• Jesus could have called for volunteers – the extrovert, perhaps?
  • he could have sent those with that sort of gift
  • he could at least have kept a couple back, to keep him company, to get things ready for the others when they came back. You know the sort of people – “don’t expect me to do the religious stuff, but if you want practical help, I’ll be there.”

But just as Jesus worked for the good, the real benefit of the crowds – in the same way he sends all his disciples, to work in the same way. It’s a bit daunting, very much against our culture.  Imagine the complaints, and their answers:

  • I just want a bit of comfort; – fine, but go and give it
  • I like religion the way I like it; – go and love people
  • I’m hurt, damaged, tired, too old; – welcome, find the healing, energy, renewal – but even as you find it, share it with others.

It’s very easy to get used to Jesus, active in practical love.  It is distressingly easy to get used to our own willingness to admire that, even benefit from it, but not take him seriously.

Whose Shepherd?

There is a lot about the Good Shepherd in the tenth chapter of John’s gospel, which provides the gospel reading for the 4th Sunday of Easter (in all 3 years of the lectionary).  It also reflects Psalm 23, which worries me, because so many people happily quote, “The Lord is my Shepherd”.

Is he?  It is a factual question.  Reading John 10 will help to give a factual answer.  The chapter begins with reference to “thieves and bandits”, and a look back to chapter 9 makes clear that Jesus is labelling those who assumed a right to be leaders of religion – and to criticise him for a remarkable healing on the Sabbath day.  Clearly there is a choice of leaders to follow!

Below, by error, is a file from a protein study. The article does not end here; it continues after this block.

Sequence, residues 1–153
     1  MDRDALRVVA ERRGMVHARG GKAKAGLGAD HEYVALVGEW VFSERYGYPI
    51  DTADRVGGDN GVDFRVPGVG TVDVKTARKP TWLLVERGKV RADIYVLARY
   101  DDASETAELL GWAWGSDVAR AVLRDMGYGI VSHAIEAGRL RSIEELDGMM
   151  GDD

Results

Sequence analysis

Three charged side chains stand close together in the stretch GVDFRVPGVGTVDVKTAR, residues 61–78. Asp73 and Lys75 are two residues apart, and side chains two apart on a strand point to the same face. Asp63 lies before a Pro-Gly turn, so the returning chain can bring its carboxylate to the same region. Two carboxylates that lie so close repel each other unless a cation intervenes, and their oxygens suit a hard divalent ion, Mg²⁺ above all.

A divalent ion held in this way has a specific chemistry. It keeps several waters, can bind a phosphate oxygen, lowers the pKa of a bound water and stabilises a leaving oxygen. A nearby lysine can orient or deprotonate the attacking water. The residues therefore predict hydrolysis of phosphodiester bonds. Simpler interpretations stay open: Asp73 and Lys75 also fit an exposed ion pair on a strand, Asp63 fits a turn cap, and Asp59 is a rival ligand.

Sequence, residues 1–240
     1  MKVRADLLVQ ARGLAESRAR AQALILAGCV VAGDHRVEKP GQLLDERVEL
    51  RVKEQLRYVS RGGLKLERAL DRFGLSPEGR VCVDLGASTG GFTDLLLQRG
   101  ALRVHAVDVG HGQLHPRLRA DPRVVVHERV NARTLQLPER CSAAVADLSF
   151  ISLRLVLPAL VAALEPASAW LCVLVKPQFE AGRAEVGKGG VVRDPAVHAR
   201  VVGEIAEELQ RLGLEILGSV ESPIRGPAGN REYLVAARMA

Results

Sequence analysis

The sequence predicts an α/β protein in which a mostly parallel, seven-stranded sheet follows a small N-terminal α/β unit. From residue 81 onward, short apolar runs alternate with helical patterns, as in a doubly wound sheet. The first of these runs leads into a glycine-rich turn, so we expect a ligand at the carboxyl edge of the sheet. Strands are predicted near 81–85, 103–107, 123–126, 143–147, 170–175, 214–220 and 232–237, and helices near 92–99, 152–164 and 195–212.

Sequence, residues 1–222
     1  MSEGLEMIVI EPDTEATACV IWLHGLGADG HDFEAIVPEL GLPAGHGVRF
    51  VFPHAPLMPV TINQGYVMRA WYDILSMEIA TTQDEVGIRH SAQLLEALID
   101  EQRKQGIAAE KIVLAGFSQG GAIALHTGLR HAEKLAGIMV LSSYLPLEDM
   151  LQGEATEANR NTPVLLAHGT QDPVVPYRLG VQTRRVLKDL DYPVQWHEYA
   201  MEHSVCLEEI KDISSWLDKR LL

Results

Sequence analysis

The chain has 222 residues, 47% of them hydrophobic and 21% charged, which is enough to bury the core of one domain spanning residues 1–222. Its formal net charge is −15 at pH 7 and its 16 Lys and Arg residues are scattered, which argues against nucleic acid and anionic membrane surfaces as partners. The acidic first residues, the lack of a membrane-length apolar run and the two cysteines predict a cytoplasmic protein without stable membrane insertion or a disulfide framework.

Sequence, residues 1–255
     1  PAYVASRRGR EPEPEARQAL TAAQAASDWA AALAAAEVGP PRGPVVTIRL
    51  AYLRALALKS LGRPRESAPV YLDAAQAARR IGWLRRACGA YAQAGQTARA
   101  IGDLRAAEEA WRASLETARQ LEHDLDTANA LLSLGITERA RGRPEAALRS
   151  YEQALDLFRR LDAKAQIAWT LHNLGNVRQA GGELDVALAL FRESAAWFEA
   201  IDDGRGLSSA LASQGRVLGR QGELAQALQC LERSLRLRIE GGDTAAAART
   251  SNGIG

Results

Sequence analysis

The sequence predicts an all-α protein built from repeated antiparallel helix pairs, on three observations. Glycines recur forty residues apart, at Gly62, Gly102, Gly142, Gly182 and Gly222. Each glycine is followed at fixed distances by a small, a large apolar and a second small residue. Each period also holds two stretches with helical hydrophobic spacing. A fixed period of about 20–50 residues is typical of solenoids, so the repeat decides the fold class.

Then Jesus talks about the relationship between sheep and shepherd.  While flocks might be kept together overnight, the shepherd would be able to pick out his sheep, and they would know “their” shepherd from others.  The implication is that Christians relate to the Good Shepherd, distinguishing him from others and being known by him.  This is where “The Lord is my Shepherd” becomes a true or false statement.

Apparently this is not understood (verse 6).  We might take comfort that other people get things wrong and fail to understand!  (Preachers are relieved to know that even Jesus didn’t always get his point over first time).  Even better, he explains again.

The sheepfold is needed – at night it provides safety and rest.  We might see a comparison with the Church, or Christian fellowship.  Under Jesus’ direction, we need to go in to be protected from “thieves and bandits” – to be taught, and find rest and healing.  But the sheep cannot stay in the sheepfold.  By day they need to go out – with the Shepherd – to be taken to food and water.  Christians need to get into the world, to work, to serve the wider community, to “practise” their faith, and be a blessing to others.  There has to be movement in and out, with the Shepherd the key figure.

So I find challenge in these passages, and not just reassurance – let alone sentimentality.  How do you take it?  Can you be taken seriously saying, “The Lord IS my Shepherd”?